During deep NREM sleep, growth hormone is produced by the pituitary gland in the brain. It is sent to the liver where insulin-like growth factor 1 (IGF-1) is produced. IGF-1 aids in cell reproduction and cell regeneration, resulting in the building of muscle and healing of tissues.
Images courtesy of Complete Anatomy
Without sleep, less growth hormone is produced by the brain, which hinders cell regeneration. Sleep is critical to wound healing and muscle building, just like diet and exercise!
Don’t skip sleep before a physical therapy session, training session, or competition!
7 Ways to Improve Sleep and Recovery
“If sleep is so important to my rehab and recovery, how then do I improve my sleep!?”
The first step is to try arranging your sleep schedule to fit at least 7 hours of sleep per night.
This may be an unrealistic option for some due to work, child care, and other obligations. If increasing your sleep quantity is not an option, there are some other tips from the Mayo Clinic and University of Kentucky Medical Center.
1. Stick to a Sleep Schedule
Try to go to bed and get up at the same time every day, including weekends. Your body naturally develops a sleep-wake cycle over time, and being consistent with this cycle can help you fall asleep faster and stay asleep longer without interruptions.
2. Create a Restful Sleeping Environment
Keep your room cool, dark, and quiet. You can use blackout shades, earplugs, noise-canceling headphones, or fans.
Try to also limit exposure to light-emitting sources 30 minutes before bedtime. These include your cell phone and TV! The blue light emitted from these electronics can suppress the production of melatonin, the hormone responsible for initiating sleep.
One helpful tip is to activate Night Mode on your mobile device. It can help block some of the blue light emissions. Alternatively, you can purchase a cheap pair of blue light glasses which filter the light emissions from your phone.
If you can’t fall asleep within 20 minutes, do something relaxing. Meditation, hot baths, or gentle stretching are great ideas. Avoid anything that gets your heart rate pumping.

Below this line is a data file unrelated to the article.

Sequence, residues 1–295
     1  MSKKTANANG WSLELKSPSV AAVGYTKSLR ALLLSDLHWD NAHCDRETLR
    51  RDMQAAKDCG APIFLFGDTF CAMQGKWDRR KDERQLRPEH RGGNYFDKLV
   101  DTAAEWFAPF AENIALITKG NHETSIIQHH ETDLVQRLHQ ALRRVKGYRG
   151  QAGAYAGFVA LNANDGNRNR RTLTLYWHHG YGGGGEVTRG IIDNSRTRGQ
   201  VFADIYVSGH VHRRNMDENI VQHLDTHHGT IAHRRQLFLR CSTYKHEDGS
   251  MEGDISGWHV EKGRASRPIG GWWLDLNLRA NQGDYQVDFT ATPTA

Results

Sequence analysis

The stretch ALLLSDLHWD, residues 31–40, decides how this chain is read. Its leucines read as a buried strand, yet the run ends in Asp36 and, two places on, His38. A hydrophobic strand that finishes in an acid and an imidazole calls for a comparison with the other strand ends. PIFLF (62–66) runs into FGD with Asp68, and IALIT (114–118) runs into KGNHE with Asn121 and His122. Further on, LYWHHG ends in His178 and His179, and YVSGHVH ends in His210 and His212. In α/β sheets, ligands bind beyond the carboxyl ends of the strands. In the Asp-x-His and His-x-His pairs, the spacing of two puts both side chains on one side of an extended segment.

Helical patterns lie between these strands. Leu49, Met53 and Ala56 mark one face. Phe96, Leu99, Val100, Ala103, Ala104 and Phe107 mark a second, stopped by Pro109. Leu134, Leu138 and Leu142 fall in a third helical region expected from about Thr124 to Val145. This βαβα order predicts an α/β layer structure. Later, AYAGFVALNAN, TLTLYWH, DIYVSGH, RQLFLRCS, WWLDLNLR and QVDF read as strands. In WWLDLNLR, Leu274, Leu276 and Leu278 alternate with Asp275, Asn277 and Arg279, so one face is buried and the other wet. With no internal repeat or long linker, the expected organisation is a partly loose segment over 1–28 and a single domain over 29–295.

3. Limit Daytime Naps
Limit naps to 30-60 minutes and avoid napping later in the day. Naps can affect your established sleep-wake cycle, which makes it harder for you to fall asleep later.
4. Limit Caffeinated Foods/Drinks, Alcohol, and Nicotine Before Bedtime
Don’t consume caffeinated substances 3-4 hours before bedtime. They make it harder fall asleep and may result in broken sleep.
Some examples of common caffeinated foods/drinks include tea, coffee, chocolate, and soft drinks.
5. Avoid Eating Large Meals, Consuming Spicy Foods, or Drinking A Lot of Liquid Before Bedtime
You want a 2-3 hour gap before bedtime, to be exact.
Your digestive system typically slows down while you sleep, so it’s common to develop acid reflux after consuming large meals right before bedtime. Instead, have a light snack.
Also, by limiting liquid consumption before bed, you also limit your trips to the bathroom mid-snooze.
6. Be Sure to Exercise
Moderate to vigorous-intensity exercise can help you fall asleep and stay asleep longer. Just remember to avoid exercising 2-3 hours before bedtime as it can stimulate your body and brain.
7. Avoid Taking Unprescribed or Over-the-Counter Sleeping Pills
If nothing above seems to help, talk to your doctor or healthcare professional about your troubled sleeping.
You and your healthcare providers can more accurately diagnose the cause, and together, you can determine the next best steps to getting you more Zs.
Sleep Well, Recovery Well
If you or someone you know needs help recovering from an injury or surgery, have them seek physical therapy services with us! We would be happy to help.
Please call JACO Rehab at (808) 381 – 8947 to schedule an appointment. Mahalo!
1. Catherine F. Siengsukon, Mayis Al-dughmi, Suzanne Stevens, Sleep Health Promotion: Practical Information for Physical Therapists, Physical Therapy, Volume 97, Issue 8, August 2017, Pages 826–836, https://doi.org/10.1093/ptj/pzx057
2. Staff, Mayo Clinic. “6 Steps to Better Sleep.” Mayo Clinic, Mayo Foundation for Medical Education and Research, 7 May 2022, https://www.mayoclinic.org/healthy-lifestyle/adult-health/in-depth/sleep/art-20048379.